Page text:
Creating a Nature Friendly Habitat The past year has seen us all spending more time at home, and as a result, spending more and more time ON our homes as well. Gardening, like knitting and baking, is experiencing a bit of a “boom” at the moment, something we of course are very excited to see. As more and more people fall in love with gardening, it’s a great time to look at ways our gardens can give back to the larger ecosystem. Creating access to fresh water for wildlife of all sizes is a wonderful way to support your local ecosystem, especially in a year of drought. Water features are the easiest way to do this. You can build a fountain pretty easily. A super basic one can be made from a large tub, a clay pot, some rocks, a pump and a short piece of vinyl tubing. If you are worried about wasting water, put your fountain in a flower bed. That way any water that splashes out will at least be put to good use. Birdbaths are another easy, classic way to bring water to your yard. Just be sure to refresh the water regularly. And again, to conserve water, place birdbaths in locations where runoff and splashes will do double duty of watering plants. Bird feeders and nesting boxes are another way to support wildlife, but they do require a bit of planning and consideration of your location. According to Audubon California, you might not have much luck with bird houses if you live close to the beach, because, they write, “there likely aren't many cavity nesting birds residing in these seaside areas that are also largely suburban.” A bit further inland, though, you might find your birdhouse providing a home to wrens, finches and Mourning Doves. Bird feeders are fun, and the ones you can easily find in nurseries and hardware stores are easy enough to use, but there is an argument for focusing more on native plants as a means to support birds, bees and other wildlife. For one, bird feeders can at times spread disease amongst bird populations if not cleaned properly. Additionally, if it’s possible to “go native” with your plants, you’ll be making a great long-term investment into your garden. Native landscaping does wonders for your local ecosystem and is particularly useful in years like this when drought conditions have become severe. One of the biggest misconceptions when it comes to planting native and drought tolerant is that it must be “all or nothing.” We have that attitude towards a lot of things in life, it seems, gardening included! Start small. Work in some salvias, California poppies, yarrow and maybe a ceanothus into your garden, and see how it goes. Native and drought tolerant planting does NOT mean “dry and boring.” For example, though not necessarily native, Rosemary is pretty drought tolerant and bees LOVE it. Plus, you can use rosemary for cooking and general “it smells so good” purposes. Need some inspiration? One of our favorite Instagram accounts right now is @thedailyjames, a page devoted to a wildlife habitat created in Los Angeles. The page, named after a raven that became a regular visitor to the yard, documents the comings and goings of birds, squirrels, rabbits and all sorts of insects. It’s fascinating and full of great ideas for creating a wildlife friendly yard. So, if you are going to be outside digging in the dirt anyway, or have added “gardening” to your list of new hobbies, why not take things a step further and look into ways that you can use your new passion to give back to local wildlife as well?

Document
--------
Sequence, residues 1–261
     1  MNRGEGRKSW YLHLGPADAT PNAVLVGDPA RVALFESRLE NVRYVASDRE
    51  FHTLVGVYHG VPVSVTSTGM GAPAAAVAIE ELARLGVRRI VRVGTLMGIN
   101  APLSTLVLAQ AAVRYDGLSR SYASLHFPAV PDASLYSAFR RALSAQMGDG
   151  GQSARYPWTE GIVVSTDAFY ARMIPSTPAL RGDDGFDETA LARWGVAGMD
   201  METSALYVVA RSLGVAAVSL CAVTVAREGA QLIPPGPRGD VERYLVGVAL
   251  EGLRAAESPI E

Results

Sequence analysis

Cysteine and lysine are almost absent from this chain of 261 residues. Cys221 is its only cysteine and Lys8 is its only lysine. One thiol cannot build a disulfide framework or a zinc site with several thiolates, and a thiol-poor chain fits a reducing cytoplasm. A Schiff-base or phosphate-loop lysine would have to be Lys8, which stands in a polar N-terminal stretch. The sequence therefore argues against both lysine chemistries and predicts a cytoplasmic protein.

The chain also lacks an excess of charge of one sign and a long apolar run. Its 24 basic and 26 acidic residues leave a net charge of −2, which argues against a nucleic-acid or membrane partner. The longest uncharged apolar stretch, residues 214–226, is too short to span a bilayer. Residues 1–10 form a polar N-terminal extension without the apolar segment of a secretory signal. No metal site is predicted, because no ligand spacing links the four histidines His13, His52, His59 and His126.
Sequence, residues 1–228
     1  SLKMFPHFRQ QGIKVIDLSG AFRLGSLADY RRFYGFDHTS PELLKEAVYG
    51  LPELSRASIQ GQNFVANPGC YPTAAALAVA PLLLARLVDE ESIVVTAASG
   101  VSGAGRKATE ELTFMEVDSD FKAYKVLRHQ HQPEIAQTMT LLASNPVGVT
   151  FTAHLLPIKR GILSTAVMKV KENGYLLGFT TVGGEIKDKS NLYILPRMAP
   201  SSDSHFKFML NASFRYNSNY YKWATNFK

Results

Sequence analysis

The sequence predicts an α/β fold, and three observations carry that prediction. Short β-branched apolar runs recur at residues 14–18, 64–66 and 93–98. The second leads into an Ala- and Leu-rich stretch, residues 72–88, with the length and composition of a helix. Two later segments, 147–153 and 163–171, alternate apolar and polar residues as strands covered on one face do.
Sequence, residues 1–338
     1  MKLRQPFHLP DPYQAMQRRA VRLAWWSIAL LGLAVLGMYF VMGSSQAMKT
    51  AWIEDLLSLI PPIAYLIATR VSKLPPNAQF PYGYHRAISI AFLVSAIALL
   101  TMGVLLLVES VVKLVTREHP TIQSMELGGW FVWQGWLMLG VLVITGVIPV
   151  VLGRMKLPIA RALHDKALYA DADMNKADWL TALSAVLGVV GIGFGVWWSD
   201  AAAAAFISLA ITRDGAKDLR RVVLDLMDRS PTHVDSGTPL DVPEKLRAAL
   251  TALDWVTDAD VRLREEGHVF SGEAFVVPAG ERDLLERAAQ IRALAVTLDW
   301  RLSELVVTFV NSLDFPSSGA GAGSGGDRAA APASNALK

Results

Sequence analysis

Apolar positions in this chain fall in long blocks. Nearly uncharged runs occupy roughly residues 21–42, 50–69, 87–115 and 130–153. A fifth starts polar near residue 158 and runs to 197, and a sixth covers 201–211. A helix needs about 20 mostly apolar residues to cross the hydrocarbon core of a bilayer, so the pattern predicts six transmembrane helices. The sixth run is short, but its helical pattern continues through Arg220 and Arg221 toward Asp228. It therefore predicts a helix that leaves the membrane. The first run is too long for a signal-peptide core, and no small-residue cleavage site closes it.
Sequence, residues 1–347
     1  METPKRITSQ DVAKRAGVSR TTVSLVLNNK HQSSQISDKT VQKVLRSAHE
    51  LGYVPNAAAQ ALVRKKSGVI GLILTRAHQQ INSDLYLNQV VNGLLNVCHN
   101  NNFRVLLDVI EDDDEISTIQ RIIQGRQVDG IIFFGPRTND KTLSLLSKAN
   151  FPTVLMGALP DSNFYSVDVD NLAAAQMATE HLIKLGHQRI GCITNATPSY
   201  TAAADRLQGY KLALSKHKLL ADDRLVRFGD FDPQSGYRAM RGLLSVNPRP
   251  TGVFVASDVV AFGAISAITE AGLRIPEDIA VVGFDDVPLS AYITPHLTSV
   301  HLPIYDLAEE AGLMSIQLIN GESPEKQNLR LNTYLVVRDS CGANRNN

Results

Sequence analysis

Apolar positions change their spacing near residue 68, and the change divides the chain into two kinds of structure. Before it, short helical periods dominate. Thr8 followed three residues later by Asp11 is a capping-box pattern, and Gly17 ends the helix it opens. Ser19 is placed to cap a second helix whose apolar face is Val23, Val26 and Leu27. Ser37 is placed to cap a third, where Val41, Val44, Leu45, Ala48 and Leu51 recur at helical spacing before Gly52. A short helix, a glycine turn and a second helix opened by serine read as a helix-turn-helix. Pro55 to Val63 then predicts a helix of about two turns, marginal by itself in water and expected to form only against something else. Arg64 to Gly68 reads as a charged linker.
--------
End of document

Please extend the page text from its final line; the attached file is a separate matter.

by Brande Jackson